Northeast Wisconsin businesses fare better than others in state

Posted on Jan 29, 2010 :: Insight on Business, Web Exclusive.
Posted by of Insight Publications

Posted on Jan. 29, 2010

Wisconsin businesses weathered the economic storm of 2009 better than firms in
the Milwaukee and Madison areas, according to a new report from First Business

Last fall,
First Business Bank conducted separate economic surveys of Northeast Wisconsin,
Dane County and Milwaukee and Waukesha counties. While those separate results
were shared with each unique community in December, First Business Bank pooled all the information
together and looked at the state as a whole to compare the economic atmosphere
across the regions.

(To read more
details about First Business Bank’s survey of Northeast Wisconsin, which was
sponsored by Insight Publications and the University of Wisconsin-Oshkosh,
please see this story from January’s edition of Insight Magazine.)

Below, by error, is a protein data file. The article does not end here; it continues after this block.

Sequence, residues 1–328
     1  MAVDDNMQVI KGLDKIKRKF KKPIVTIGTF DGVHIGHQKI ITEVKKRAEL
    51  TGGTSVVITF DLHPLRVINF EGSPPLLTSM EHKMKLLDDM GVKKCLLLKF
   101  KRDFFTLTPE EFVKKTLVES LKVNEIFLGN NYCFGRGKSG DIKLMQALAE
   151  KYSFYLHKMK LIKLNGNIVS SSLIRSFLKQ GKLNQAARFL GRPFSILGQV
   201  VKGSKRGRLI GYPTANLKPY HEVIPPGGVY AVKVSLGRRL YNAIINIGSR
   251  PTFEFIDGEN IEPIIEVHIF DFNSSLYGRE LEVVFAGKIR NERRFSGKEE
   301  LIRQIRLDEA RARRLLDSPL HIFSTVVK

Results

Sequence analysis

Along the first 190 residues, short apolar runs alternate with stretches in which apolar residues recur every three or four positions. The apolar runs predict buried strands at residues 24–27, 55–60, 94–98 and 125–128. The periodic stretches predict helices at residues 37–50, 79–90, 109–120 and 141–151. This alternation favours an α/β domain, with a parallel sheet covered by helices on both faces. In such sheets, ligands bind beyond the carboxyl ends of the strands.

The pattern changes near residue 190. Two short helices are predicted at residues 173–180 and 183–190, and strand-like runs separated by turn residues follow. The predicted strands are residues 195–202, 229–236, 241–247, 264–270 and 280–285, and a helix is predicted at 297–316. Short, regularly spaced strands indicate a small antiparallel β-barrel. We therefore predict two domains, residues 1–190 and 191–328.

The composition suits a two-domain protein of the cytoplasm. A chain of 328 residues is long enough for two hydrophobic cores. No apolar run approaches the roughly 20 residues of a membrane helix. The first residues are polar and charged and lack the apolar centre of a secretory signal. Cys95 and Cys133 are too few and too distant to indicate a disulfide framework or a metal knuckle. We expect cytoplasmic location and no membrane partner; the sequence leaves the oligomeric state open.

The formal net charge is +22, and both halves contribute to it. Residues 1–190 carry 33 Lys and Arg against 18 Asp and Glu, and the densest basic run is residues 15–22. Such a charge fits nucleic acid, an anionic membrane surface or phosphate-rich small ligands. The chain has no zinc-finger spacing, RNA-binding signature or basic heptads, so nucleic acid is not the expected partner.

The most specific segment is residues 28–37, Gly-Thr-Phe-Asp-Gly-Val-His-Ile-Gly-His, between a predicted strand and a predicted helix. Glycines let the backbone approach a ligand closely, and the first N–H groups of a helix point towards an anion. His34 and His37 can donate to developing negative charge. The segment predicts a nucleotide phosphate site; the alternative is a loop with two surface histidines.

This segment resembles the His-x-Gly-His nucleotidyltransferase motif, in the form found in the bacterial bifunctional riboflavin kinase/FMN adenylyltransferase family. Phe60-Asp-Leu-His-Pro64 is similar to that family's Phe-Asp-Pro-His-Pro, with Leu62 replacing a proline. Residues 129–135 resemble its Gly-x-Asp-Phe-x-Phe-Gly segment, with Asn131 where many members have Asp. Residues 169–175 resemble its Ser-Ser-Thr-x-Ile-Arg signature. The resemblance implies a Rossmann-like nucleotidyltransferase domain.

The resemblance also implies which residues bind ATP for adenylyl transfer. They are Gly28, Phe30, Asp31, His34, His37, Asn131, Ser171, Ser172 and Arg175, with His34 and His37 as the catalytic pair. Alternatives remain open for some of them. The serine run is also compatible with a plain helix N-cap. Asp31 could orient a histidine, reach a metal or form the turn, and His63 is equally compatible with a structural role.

“The results
show that the three geographic areas surveyed are all quite comparable,” says
Mickey Noone, president – Northeast Region of First Business Bank. "The
Northeast did see lower declines than the other survey regions in sectors such
as profitability and sales revenue which may be attributed to a higher number
of business-to-business firms located in the Northeast."

All three
regions of the state did see declines in all seven economic indicators
including: sales revenue; profitability; total operating costs as a percentage
of revenue; capital expenditures; number of employees; overall wage changes;
changes in pricing; and operating capacity. This is also the first time in the
survey's history a majority, 52 percent, of firms did not meet expectations.
Sales were down overall and respondents that had steep sales declines, greater
than a 10 percent decline, were over double that of the previous year.

But while
2009 was rough, optimism is high for 2010, says Mark Meloy, President and CEO
of First Business Bank – Madison. "Clearly there were challenges in 2009,
but nearly 50 percent of businesses, and higher figures in some regions, expect
increased sales revenue this year. That confidence says a lot about the
character of the states' business owners,” he says.

To read the
entire report, please visit
. An eight-minute podcast highlighting the report results is available at

MaryBeth Matzek